Critique 2019 Octoberfest - skidoo - poser - D810 with 35 F1.8, 60 F2.8 micro, 135 F2, 200 F4 micro, 300 F4 - Day 29

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60mm F2.8 Micro lens, Day 16 - Took a few days off. This one from some Fall cleanup today.

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The abstraction is so great it took me almost a minute of study until I recognized what it was, Mike. That little puff of smoke (looking a bit like a volcano) mesmerized me. Interesting photograph. Your break served you well.
 
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60mm F2.8 micro lens, Day 17 - This came from a couple of the pumpkins posted earlier. An attempt at focus stacking from 5 shots.

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The abstraction is so great it took me almost a minute of study until I recognized what it was, Mike.
Exactly. First glance on my mobile: Oh, want wonderful orange leaves on nice BW birch branches :)
60mm F2.8 micro lens, Day 17 - This came from a couple of the pumpkins posted earlier. An attempt at focus stacking from 5 shots.

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Hmmm.... I like pumpkin!
As for the image: what software to use to get such a thing? Or is this done in camera? I've (still) not tried a focus stack yet, something one should do once at least to learn new technical skills...
 
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60mm F2.8 micro lens, Day 17 - This came from a couple of the pumpkins posted earlier. An attempt at focus stacking from 5 shots.
Nice work with the stack. Like Paul, I typically prefer apple pie to pumpkin, but this slice looks delicious!

If I may make a suggestion:
In your composition, some extra foreground to include the entire plate would have been beneficial. A bit of dark surface between the white plate and the bottom of the frame would help corral the eye's attention back to the subject.
 
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As for the image: what software to use to get such a thing? Or is this done in camera? I've (still) not tried a focus stack yet, something one should do once at least to learn new technical skills...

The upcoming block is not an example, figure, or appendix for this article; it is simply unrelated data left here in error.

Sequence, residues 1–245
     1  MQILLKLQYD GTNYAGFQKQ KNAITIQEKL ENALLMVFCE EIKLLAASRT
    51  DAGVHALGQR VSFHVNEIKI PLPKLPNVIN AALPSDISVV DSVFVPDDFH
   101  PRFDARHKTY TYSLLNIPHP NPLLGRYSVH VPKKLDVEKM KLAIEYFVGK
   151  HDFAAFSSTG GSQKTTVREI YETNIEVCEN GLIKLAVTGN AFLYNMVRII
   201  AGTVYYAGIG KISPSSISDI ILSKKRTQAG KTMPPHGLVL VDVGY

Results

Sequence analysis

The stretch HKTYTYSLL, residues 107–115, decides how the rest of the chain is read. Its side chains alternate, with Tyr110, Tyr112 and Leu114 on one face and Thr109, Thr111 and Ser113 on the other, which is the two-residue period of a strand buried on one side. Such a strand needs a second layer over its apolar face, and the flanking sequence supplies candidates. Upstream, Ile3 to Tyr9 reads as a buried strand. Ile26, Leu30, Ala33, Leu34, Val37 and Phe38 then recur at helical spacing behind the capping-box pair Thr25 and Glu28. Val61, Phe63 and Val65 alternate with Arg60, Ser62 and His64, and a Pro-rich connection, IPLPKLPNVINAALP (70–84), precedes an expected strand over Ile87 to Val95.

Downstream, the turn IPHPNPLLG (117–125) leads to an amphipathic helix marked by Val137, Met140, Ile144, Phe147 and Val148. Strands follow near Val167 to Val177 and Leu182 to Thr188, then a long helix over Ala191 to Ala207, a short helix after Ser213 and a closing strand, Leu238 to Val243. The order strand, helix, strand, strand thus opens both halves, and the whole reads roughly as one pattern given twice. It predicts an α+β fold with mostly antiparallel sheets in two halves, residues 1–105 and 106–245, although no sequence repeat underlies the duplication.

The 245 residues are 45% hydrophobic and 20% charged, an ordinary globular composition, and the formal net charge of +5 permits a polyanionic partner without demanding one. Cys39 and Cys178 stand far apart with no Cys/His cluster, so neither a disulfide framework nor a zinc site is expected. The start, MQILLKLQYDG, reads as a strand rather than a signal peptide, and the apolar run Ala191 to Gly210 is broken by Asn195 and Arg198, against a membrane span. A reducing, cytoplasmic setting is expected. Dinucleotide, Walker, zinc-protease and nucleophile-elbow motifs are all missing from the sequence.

I'd also like to know the ins and outs of this technique. My older cameras do not have this built in, for sure. Mike, I'm looking at your settings on this, and as best I can determine this is a way of getting depth of field when dim light sources would otherwise dictate unacceptably low aperture settings. Which you certainly have done. Is this correct?
 
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Nice work with the stack. Like Paul, I typically prefer apple pie to pumpkin, but this slice looks delicious!

If I may make a suggestion:
In your composition, some extra foreground to include the entire plate would have been beneficial. A bit of dark surface between the white plate and the bottom of the frame would help corral the eye's attention back to the subject.
Thanks. And, I totally agree with your suggestion. Not my best work such that I didn't even watermark it. I didn't really spend much time on this. I got out this slice for breakfast, and thought I better get a photo for the day before consuming. So, I did a quick setup and didn't pay enough attention to that bottom. So, that ended up being the only shot to choose from for the day. So, it was that one or nothing for the day.
 
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Absolutely wonderful shot! Now, substitute the pumpkin pie with an apple pie, and I’ll be drooling over the picture. :)
Yea! I still have a bunch of apples on the trees. I've picked a bunch but not sure they are sweet enough yet. Apple pie coming soon, hopefully before the end of the month!
 
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Hmmm.... I like pumpkin!
As for the image: what software to use to get such a thing? Or is this done in camera? I've (still) not tried a focus stack yet, something one should do once at least to learn new technical skills...

I'd also like to know the ins and outs of this technique. My older cameras do not have this built in, for sure. Mike, I'm looking at your settings on this, and as best I can determine this is a way of getting depth of field when dim light sources would otherwise dictate unacceptably low aperture settings. Which you certainly have done. Is this correct?
I never tried this before. 5 shots were taken from on the tripod. The first one focused on the tip of the slice, then each successive shot focused a little further back until the last one at the back. I understand that for the best effect, even more shots may be necessary, especially with a larger aperture. The setting was at F8 and the depth was still not good enough, hence the attempt at stacking.

I exported the files downsized to 5 jpg files. Then, the 5 files were opened as layers. Did the automatic align layers, and then the stack function. It was simpler than I anticipated, but I did have to do a web search for instructions on stacking using Photoshop PS6.

I'll have to try this again some time with more attention to details.
 
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I've been off the grid for a few days, so do excuse the big dump of comments.
Love the fire shot--it had me guessing for a second until I read your words. My first guess was an orange habanero, the power of suggestion from your jalapeño shot no doubt. Well exposed.
Pie: Good job with the photo stacking.
 
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300mm F4 AFS lens, Day 19 - Technically, not my best shot of the day, but the most interesting subject.

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